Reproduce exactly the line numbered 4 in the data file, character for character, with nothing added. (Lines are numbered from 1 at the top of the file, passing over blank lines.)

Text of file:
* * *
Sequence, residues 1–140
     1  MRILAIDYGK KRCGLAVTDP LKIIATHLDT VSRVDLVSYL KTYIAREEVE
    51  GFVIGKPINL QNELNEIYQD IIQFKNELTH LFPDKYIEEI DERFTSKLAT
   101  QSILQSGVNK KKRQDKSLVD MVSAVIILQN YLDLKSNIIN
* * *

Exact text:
   101  QSILQSGVNK KKRQDKSLVD MVSAVIILQN YLDLKSNIIN